The estimation of a time window for the diversification of the A. brunneus complex, using the mitochondrial sequence from the above specimens and an a priori rate obtained from related groups, gave an age for the stem group of approximately 10.4 Ma (million years ago). The estimated origin of the sampled diversity within the complex was much more recent (0.6 Ma, Figure 3). Models using the two constraints tested (monophyly of A. ramblae, C1, and A. rufulus, C2) preformed significantly worse than the unconstrained model (C0), with the monophly of A. rufulus being the worst of all for all three Bayes factor estimators (HME, PS and SS; with more than 10 units in the difference in –lnLH for the HME, and more than four units in the case of PS and SS, [61], Table 3). The preferred mitochondrial topology had the Moroccan haplotypes of A. ramblae sister to the rest of the complex (range of uncorrected mitochondrial p distances, p = 0.004-0.012), Corsican A. rufulus sister to Menorcan A. ramblae with a divergence of ca. 0.34 Ma (p = 0.008), and Iberian A. ramblae sister to A. brunneus + Sardinian A. rufulus, with a divergence date of ca. 0.35 Ma (p = 0.002; Figure 4, Additional file 11: Figure S4).
Table 3

Bayes factors for the topological comparisons

A)

   

Constraint

HME

PS

SS

C0

–23985

–24419

–24421

C1

–24004

–24424

–24425

C2

–24015

–24443

–24444

B)

   

Model

HME

PS

SS

C

–1696

–2052

–2053

Ex

–1729

–2041

–2042

Es

–1734

–2043

–2044

L

–1727

–2036

–2038

A) Topological constraints: C0, no constraint; C1, A. ramblae and A. brunneus respectively monophyletic; C2, A. rufulus monophyletic. B) Demographic models of the A. brunneus complex: C, constant population size; Ex, exponential growth; Es, expansion; L, logistic growth.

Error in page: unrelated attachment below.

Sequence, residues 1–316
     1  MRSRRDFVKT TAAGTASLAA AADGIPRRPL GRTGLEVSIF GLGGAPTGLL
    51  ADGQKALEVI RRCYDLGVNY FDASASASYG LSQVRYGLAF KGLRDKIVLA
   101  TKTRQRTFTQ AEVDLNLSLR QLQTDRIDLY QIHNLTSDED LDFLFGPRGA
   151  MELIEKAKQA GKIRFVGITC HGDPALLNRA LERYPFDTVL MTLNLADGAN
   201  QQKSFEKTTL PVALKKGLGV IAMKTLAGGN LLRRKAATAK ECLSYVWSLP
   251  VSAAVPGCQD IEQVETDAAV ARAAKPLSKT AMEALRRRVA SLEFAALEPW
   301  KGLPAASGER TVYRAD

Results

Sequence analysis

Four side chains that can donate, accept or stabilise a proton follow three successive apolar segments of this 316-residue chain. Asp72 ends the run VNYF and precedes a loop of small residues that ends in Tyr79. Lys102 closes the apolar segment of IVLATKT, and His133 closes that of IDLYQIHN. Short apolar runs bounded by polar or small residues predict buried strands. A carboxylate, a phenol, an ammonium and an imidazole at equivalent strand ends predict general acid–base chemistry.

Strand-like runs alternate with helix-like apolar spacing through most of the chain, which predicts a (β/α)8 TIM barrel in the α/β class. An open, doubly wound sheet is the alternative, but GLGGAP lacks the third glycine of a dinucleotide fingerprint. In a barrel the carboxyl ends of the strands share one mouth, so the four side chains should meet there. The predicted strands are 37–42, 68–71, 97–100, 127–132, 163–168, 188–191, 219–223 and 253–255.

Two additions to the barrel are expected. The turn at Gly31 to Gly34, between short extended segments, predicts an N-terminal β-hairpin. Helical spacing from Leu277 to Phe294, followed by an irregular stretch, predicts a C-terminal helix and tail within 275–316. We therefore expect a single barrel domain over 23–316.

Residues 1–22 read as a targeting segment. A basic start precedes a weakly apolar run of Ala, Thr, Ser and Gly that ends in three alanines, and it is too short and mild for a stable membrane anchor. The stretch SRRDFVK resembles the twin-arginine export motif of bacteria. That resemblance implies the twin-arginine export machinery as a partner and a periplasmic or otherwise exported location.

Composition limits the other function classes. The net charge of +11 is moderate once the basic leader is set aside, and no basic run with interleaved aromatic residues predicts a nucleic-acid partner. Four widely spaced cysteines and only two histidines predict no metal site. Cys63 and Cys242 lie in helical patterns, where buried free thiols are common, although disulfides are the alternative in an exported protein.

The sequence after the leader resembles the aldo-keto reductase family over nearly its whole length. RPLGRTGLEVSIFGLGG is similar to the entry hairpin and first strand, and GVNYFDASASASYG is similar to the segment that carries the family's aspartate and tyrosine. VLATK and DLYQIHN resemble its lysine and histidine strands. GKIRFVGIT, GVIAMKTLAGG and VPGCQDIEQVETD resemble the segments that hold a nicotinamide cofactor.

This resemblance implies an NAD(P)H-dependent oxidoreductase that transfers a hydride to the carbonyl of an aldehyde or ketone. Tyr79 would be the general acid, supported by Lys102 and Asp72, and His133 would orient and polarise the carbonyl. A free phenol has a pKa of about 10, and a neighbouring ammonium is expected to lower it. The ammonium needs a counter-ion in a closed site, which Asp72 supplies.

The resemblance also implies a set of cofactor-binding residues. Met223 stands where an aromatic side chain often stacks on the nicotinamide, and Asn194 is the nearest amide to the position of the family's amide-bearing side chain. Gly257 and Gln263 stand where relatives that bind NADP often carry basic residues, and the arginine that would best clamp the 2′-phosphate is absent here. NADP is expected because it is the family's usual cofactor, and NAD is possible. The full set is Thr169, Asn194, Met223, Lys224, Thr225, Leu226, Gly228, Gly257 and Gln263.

HME, harmonic mean stimator; PS, path sampling; SS, stepping stone (see text for details).

Figure 4

Summary trees obtained from A) combined mitochondrial data ( cox1 + rrnl + trnl + nad1 ), B) cox1 and C) H3 . Node supports in A) and B), Bayesian posterior probabilities; C) Bayesian pp/ML bootstrap values. In red, estimated age of the nodes (see Additional file 11, Additional file 12 and Additional file 13 for the complete topologies of the trees).

We also analysed the cox1 and H3 sequences independently. The analysis of the cox1 gene for all sequenced specimens (203, Additional file 4: Table S2), using A. didymus as an outgroup, resulted in a topology very similar to that described above, but with some additional Sardinian A. rufulus grouped with Corsican specimens and additional Iberian A. ramblae grouped with the Moroccan specimens and nested within A. brunneus (Figure 4, Additional file 12: Figure S5), in some cases with identical haplotypes. Two specimens of A. ramblae from Menorca (AH348, AH352, the later a male with typical A. ramblae aedeagus, Additional file 2: Table S1) and one from Morocco (AH311, female) were also nested within A. brunneus.